I recently read an interesting book called “Digital Destiny: New Media and the Future of Democracy”, by Jeff Chester. Jeff Chester is the director of the Center for Digital Democracy, a Washington D.C. based non-profit dedicated to encouraging democratic expression in the digital media era. The book brought up various provocative points about the democracy in the new digital era. Chester expresses how we are being indirectly targeted by corporations and media companies who are trying to sell their products, and asks whether or not this is ethical.
We are led to believe that we have increased freedom as technology increases and the internet is becoming such a powerful force in our daily lives. However, with the growth of the internet, are we actually losing freedom? Thins such as the “AD-ID”, created by one of the many advertising associations, monitor our browsing habits and collect detailed information on us, allowing advertisers to target us more aggressively. Chester asks whether or not this is democratic, and makes it clear that in his opinion it is highly unethical and is slowly depleting democracy. I feel more of a moderate view towards the issue in that I feel that while advertisers are in some cases targeting audiences too aggressively, we still ultimately choose what persuades us.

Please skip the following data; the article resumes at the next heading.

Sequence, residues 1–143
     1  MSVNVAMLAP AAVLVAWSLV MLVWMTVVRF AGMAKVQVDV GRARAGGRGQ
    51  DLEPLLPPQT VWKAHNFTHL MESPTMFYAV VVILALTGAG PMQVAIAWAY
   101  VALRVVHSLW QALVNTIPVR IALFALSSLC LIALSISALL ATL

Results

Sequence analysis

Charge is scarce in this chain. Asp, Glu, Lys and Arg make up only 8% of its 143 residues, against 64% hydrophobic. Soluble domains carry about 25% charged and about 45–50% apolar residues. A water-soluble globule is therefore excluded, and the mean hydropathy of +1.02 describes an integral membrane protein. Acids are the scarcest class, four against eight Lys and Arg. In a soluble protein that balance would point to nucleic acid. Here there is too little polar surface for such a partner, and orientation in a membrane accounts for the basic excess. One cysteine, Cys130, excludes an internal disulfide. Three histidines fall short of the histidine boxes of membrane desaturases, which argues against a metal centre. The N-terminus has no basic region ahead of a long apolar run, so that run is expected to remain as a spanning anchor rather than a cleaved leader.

I sincerely feel that regardless of how much an ad is forced onto my brain, if I am genuinely uninterested in the product or unimpressed by the ad, I am not going to buy the product. Advertising and marketing are meant to persuade and used to position a product in a way that makes it desirable, but they are not capable of brainwashing consumers. I ultimately felt that while he did present some interesting views and raise some interesting questions, many of the points were more radical than my personal beliefs on the subject matter. However, I still felt that the book was a good read for anyone interested in the effects that the increased use of internet and digital advertising is having on consumers and society.